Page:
Who is This?
Yesterday we looked at those who are persecuted and martyred on earth in the light of Eternity. When we obey the Biblical mandate to be their advocates, we discover the depth of their earthly suffering – and it is hard to bear. But knowing what we know from the Revelation of Jesus to John, we know whose they are. We see their ultimate triumph and victory, their everlasting joy, worshipping the God who gives them salvation.
But the answer to “who are these?” while it is the answer, is not the complete answer. If we are to see our persecuted brothers and sisters as Jesus sees them, we intercessors and advocates must have a more intimate relationship with them. They are not an issue or a statistic. They are not even just a “great multitude – way too many to count.”
They are fellow Christians who go to church – whether in a church building, a home, a secret location, or under a tree. They are men and women with spouses in prison, some with death sentences. They are children whose fathers are slaughtered on Libyan beaches or taken off buses and shot to death in Nigeria’s Middle Belt. They are students who are abducted from their classroom or killed walking on the road. They are individuals.
A film about the Persecuted Church, Christians in the Mirror, shows a number of Christians from Egypt, India, Iraq, Syria, and Sudan with an intimacy that is both sweet and heartbreaking. One of the most powerful aspects of the film is seeing brothers and sisters who have suffered for the sake of Christ as unique. They are as unique as the person we see when we look in the mirror! Each person that is followed in the film is so different from the next, but they are all members of the Body of Christ and suffer persecution for His sake.
One story in the film is about Antoine, a millennial from Aleppo, Syria, who takes us on a tour of his ruined, bombed-out city. He walked the streets wearing earphones to drown out the sound of war. Antoine declares, “We visit, listen to music (he likes Coldplay), play cards, eat, and have conversations because these things matter. After living in war for seven years, the best way to fight ISIS is civilization. We prefer to continue living, knowing that at any time we could die.” His faith and his defiance of ISIS are intertwined.
Antoine is a real character. But his true character and courage shine through when he explains that he would love to travel someday, but for now, he stays in Syria for his country and its Christians. Someday, he says, he will tell his children that he did not run away.
I can imagine God’s love for Antoine. I can imagine Jesus knowing that the defiant bravado and insistence on as much normality as possible hide the fear and loneliness in Antoine’s heart, because He sees Antoine – and all our persecuted brothers and sisters – the way He sees every one of us: as individuals He created. Every hair on their heads is numbered. (In Antoine’s case, the number seems to be lessening!) Who is this? This is God’s beloved child.
Scripture (this is NOT meant as an exegesis of verses, but as ways I find helpful to attempt to express God’s love for His persecuted children.)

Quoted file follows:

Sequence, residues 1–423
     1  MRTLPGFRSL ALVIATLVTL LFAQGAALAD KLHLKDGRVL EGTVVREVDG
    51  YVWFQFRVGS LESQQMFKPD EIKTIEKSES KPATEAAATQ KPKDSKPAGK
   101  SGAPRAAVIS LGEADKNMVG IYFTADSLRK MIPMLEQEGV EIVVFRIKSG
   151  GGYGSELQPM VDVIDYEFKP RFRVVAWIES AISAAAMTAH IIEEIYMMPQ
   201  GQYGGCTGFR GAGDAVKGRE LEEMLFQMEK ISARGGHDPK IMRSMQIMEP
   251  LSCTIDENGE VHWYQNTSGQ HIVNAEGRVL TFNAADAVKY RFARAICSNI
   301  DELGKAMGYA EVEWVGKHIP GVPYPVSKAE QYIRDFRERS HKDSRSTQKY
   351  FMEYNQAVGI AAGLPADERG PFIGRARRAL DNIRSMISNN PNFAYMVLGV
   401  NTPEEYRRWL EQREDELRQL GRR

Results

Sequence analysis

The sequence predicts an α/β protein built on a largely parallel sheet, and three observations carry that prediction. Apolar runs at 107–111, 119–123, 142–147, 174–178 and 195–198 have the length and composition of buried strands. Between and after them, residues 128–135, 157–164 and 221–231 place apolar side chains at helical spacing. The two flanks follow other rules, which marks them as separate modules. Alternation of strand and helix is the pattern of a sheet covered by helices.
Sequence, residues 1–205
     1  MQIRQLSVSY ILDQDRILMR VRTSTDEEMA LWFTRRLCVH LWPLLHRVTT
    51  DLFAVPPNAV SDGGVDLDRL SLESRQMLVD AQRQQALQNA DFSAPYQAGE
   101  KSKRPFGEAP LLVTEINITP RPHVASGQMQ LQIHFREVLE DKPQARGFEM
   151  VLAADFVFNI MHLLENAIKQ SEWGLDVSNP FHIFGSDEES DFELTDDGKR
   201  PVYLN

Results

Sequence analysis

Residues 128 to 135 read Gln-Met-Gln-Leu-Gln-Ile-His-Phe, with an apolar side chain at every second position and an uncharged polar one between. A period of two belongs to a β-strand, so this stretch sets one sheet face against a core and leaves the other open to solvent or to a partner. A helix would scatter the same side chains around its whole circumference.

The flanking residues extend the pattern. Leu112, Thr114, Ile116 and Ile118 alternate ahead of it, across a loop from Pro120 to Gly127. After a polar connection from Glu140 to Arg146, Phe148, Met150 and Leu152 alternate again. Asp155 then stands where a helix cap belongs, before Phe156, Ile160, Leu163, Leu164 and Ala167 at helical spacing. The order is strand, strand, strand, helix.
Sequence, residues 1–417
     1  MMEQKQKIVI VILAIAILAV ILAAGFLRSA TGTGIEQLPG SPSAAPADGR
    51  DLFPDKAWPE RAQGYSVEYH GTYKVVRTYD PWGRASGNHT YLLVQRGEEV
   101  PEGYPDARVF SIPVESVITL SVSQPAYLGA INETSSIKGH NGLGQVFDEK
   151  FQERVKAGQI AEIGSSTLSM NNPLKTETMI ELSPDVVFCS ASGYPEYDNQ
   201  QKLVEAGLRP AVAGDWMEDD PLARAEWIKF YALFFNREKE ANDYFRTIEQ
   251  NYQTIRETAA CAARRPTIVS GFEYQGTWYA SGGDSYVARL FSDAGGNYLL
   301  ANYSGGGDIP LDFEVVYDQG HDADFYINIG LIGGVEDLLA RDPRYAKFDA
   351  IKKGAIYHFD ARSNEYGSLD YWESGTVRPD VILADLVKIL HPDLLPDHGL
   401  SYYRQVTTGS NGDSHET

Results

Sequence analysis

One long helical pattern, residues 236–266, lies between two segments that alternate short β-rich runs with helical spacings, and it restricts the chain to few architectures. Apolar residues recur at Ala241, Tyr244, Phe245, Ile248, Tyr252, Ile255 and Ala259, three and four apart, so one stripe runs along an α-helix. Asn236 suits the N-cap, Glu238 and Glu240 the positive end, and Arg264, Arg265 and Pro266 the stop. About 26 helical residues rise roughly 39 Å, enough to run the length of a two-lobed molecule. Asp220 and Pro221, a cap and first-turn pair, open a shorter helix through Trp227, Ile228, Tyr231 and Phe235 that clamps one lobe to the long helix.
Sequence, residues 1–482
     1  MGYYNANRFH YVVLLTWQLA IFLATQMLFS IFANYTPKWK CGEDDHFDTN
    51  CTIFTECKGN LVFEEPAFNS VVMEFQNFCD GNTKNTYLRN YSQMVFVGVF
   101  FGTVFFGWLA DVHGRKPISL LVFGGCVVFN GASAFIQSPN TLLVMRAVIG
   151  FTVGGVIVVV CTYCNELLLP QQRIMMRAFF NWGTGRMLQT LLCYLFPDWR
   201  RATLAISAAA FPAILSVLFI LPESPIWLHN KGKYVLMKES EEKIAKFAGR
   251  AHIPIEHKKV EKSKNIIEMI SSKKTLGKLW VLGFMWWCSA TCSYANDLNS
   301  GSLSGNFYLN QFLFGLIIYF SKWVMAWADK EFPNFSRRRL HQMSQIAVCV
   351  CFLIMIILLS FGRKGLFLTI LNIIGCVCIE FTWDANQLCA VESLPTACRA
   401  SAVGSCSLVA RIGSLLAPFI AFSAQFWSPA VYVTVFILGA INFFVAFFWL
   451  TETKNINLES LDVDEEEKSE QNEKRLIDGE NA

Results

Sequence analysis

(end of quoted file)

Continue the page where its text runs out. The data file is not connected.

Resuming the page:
• Arise, my darling, my beautiful one, come with me. See! The winter is past; the rains are over and gone. Flowers appear on the earth; the season of singing has come, the cooing of doves is heard in our land. Song of Solomon 2: 10-12
This passage from the love song in which we find symbolism of Christ’s love for the Church (and God’s love for Israel) can be seen not just as a promise for persecuted Christians and all those who suffer, but as an expression of God’s gentleness and tenderness towards them.
After the fall of the Berlin Wall, when my parish, Church of the Apostles, had Christian visitors from former Soviet republics in Eastern Europe – Hungary, Czechoslovakia, Romania, and East Germany, we gave each of these precious brothers and sisters a plaque with those verses on it. The winter of Soviet oppression was past; the rains of tyranny were over and gone.
• Who is this coming up from the wilderness leaning upon her beloved? Song of Solomon 8: 5
Here’s another passage that speaks of a gentle, loving God. He tenderly holds His child who suffered for His sake close to His heart and she leans on Him coming up “from the wilderness.”
Many persecuted Christians speak of God’s consolation and comfort even in the midst of suffering. And just as the Persecuted Church in Eternity are “these” who are Christ’s, each individual is “this” one man, woman, or child receiving His undivided attention as He brings them out of the wilderness and into Heaven. But in addition, when our brothers and sisters are freed from persecution here on earth, we need to pray for them to know how to lean upon their Beloved. They need healing of soul, spirit, and body through God’s tender embrace.
Listen to this beautiful worship song by worship leader Ruth Fazal to rest in Jesus’ love and restore your own soul. Watch Christians in the Mirror with friends and consider inviting filmmaker Jordan Allott (InAltum Productions) to either put on a screening at your parish or provide materials for you to have a screening. Pray for the embrace of the Beloved for all those Christians who have come out of the wilderness of persecution but need healing of memories and to have the wounds of trauma uprooted out of their lives.
- Faith McDonnell, co-leader of the Suffering Church Network
Photo: Antoine of Aleppo, Syria in the film Christians in the Mirror (Photo credit: Jordan Allott)